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Products > Berberis oiwakensis
 
Berberis oiwakensis - Chinese Holly
   
Image of Berberis oiwakensis
[2nd Image]
Habit and Cultural Information
Category: Shrub
Family: Berberidaceae (Barberries)
Origin: Burma (Asia)
Evergreen: Yes
Flower Color: Yellow
Bloomtime: Winter/Spring
Synonyms: [B. o. ssp. lomariifolia, Mahonia lomariifolia]
Height: 6-10 feet
Width: 3-5 feet
Exposure: Light Shade/Part Sun
Irrigation (H2O Info): Medium Water Needs
Winter Hardiness: 20-25 F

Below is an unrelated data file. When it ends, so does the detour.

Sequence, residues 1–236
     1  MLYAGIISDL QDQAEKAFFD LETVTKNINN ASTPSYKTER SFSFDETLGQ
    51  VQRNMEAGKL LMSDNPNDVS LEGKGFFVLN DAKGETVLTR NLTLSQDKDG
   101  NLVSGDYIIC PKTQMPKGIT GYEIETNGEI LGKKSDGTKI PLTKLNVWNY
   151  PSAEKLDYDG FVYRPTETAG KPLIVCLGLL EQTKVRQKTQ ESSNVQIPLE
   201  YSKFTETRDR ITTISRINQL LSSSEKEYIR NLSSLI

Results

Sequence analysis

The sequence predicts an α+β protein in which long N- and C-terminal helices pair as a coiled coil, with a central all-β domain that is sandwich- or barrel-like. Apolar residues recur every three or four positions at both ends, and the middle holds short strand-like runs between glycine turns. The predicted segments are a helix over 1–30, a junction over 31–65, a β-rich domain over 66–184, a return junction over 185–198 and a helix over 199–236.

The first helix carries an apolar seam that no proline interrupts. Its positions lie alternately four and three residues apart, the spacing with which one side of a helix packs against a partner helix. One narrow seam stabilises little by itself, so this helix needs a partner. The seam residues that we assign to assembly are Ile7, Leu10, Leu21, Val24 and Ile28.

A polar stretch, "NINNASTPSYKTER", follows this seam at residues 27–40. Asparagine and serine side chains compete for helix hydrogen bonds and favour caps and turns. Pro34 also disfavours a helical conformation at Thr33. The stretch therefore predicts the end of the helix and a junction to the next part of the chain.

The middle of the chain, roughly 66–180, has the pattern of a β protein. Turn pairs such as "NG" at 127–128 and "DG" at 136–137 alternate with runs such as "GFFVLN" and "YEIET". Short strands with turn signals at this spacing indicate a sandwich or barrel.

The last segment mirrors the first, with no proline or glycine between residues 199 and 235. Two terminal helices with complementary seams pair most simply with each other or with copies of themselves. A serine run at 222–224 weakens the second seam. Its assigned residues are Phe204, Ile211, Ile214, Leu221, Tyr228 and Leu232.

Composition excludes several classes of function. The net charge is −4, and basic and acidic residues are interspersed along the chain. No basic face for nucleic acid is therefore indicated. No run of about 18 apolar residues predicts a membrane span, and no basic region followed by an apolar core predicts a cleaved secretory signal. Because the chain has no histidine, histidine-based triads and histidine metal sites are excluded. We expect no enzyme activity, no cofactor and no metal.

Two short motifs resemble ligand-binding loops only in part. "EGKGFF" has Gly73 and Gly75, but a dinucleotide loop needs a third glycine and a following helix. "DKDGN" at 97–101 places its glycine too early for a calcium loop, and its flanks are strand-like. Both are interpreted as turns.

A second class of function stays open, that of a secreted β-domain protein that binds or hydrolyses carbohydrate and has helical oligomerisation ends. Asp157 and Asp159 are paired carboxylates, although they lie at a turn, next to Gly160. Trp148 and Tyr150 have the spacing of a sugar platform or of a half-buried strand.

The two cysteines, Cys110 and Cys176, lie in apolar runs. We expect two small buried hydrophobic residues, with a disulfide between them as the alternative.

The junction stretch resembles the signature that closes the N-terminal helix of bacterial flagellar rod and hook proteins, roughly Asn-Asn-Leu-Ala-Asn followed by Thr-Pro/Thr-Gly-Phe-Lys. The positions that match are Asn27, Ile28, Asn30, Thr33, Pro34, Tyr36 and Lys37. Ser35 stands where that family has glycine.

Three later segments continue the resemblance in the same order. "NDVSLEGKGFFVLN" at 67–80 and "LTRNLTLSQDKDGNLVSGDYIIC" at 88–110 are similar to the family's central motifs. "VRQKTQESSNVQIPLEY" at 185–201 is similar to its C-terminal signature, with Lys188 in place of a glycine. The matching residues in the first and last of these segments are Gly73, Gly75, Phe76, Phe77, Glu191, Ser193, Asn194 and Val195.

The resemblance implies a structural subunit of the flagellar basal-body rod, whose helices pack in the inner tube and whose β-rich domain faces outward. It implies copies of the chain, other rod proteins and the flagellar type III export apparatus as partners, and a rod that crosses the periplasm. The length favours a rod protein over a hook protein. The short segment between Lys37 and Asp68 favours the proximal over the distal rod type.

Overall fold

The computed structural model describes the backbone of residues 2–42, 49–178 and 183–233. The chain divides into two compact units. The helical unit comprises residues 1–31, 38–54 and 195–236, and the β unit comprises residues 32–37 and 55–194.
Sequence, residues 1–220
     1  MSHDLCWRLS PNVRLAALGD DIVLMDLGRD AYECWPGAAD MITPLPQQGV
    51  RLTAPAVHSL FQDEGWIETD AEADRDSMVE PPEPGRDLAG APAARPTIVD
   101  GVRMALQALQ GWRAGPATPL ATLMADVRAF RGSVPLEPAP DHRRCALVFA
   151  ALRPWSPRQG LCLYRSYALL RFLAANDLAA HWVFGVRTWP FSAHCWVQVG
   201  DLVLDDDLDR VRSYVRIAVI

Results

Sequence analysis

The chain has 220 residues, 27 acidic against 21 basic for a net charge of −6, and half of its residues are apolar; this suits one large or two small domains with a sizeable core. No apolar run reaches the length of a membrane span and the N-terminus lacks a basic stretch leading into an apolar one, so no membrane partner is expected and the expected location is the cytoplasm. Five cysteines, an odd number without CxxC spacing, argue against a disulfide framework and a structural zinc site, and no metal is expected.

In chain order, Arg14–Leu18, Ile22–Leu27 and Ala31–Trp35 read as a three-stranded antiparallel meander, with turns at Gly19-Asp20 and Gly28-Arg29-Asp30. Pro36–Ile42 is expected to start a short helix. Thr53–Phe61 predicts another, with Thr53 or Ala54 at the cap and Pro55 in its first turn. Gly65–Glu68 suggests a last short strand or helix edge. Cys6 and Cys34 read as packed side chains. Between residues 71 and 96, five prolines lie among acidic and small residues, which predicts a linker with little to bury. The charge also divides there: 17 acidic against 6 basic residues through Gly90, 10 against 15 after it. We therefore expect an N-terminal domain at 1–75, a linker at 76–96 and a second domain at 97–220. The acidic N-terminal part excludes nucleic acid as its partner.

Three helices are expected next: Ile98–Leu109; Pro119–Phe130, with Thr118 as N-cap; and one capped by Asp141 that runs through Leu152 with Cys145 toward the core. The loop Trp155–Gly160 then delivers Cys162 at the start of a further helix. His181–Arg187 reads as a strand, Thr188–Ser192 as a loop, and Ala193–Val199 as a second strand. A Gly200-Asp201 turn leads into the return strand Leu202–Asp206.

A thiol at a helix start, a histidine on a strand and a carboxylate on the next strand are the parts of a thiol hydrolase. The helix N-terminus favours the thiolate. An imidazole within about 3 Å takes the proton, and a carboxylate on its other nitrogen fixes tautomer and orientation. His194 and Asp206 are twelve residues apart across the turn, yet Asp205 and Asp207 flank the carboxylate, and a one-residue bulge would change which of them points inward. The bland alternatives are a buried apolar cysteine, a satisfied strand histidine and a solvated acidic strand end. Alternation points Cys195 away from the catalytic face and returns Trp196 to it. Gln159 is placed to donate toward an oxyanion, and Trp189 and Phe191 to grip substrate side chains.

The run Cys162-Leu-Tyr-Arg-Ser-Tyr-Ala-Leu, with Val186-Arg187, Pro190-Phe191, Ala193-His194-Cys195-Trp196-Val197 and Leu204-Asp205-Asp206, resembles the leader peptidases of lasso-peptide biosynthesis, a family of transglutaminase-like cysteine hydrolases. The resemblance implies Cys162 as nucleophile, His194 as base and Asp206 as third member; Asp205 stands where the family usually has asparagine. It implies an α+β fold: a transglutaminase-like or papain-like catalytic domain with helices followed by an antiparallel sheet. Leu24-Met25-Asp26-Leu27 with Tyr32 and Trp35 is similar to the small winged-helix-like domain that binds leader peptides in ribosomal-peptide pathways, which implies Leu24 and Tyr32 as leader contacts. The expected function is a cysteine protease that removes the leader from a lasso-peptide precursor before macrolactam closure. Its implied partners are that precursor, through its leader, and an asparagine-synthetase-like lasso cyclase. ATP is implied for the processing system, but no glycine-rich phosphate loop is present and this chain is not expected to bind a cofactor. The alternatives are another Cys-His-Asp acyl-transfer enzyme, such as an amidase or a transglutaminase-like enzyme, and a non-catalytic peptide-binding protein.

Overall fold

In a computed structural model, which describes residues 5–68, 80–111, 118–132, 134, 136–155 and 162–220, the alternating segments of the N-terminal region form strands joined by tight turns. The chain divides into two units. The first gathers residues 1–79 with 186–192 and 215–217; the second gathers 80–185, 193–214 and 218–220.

Berberis oiwakensis (Chinese Holly) - An upright evergreen shrub with vertical mostly unbranched cane-like stems reaching to 6-10+ feet tall by about 5 feet wide with 1 to 2 foot long pinnately divided leaves of leathery 1 to 3 inch long sharply toothed leaflets that are dark green on the upper surface and lighter below. The lightly scented yellow flowers are in 3 to 8 inch long dense terminal clusters that appear in late fall through early spring, and are then followed by decorative powdery blue berries, which are favored by birds. Plant in coastal sun or in shade best color when shaded from hot afternoon sun and given regular to occasional irrigation. Considered to be hardy for short durations down to 10 to 15 degrees F. This upright shrub is an attractive and interesting plant for the garden even when not in bloom, but it is quite dramatic looking when flowering. The leaves that drop are a bit prickly, so probably not best near a pool, children play areas or other locations where people might walk barefoot. This plant is native to the region between Yunnan, Sichuan, northern Burma and east to Taiwan where it grows in broad-leaved forests, thickets, forest margins and slopes between 2000 and 12,000 feet. The name for the genus comes from the Arabic name for the barberry fruit but it was long listed as a species of Mahonia, a name coined by the English botanist Thomas Nuttall, who lived and botanized in America much of the first half of the 19th century, to honor Philadelphia horticulturist Bernard McMahon (1775-1816), who introduced the type plant, Mahonia aquifolium (now also a Berberis species) from material collected by the Lewis and Clark Expedition, a collection which McMahon curated. The specific epithet most familiar in horticulture was lomariifolia, which comes from the combination of the Latin word 'folium', meaning "leaf" and Lomaria, a name for a genus of ferns (now Blechnum) in reference to this plants resemblance to this fern. Though this species was long known by the name Mahonia lomariifolia, a name published by the Japanese botanist Hisayoshi Takeda in Notes from the Royal Botanic Garden, Edinburgh in 1917 and was thought to occur only in mainland China, a similar species, Mahonia oiwakensis from Taiwan, was described in 1916 by another Japanese botanist, Bunz Hayata. Recently these two species have been determined to be conspecific with the older name (by one year) taking precedence. British botanist Julian Mark Hugh Shaw recognized the two plants as subspecies of Mahonia oiwakensis, calling the mainland China one M. oiwakensis subspecies lomariifolia, but this name does not seems widely accepted and in most (but not all) major nomenclatural databases the plant is called Berberis oiwakensis. We too now list it this way, but will always think of this plant as Mahonia lomariifolia. It was first introduced into cultivation in England from seeds collected near Tengyueh, Yunnan, in 1931. It was listed as a rare plant in the 1954 edition of the Sunset Western Garden Book, but with the note that it was "destined to become more available" and this was proven true as was evident of established plantings in gardens in the Pasadena area by the early 1960s. It was awarded the prestigious Royal Horticultural Societies Award of Garden Merit in 1993 and we have grown this great plant since 1981.  The information on this page is based on research conducted about this plant in our library and from reliable online sources. We also take into consideration observations of this plant in our nursery crops, as well as of plants growing in the nursery's garden and those in other gardens we visit. We also will incorporate comments that we receive from others and welcome getting feedback from anyone who may have additional information, particularly if it includes cultural information that would aid others in growing Berberis oiwakensis.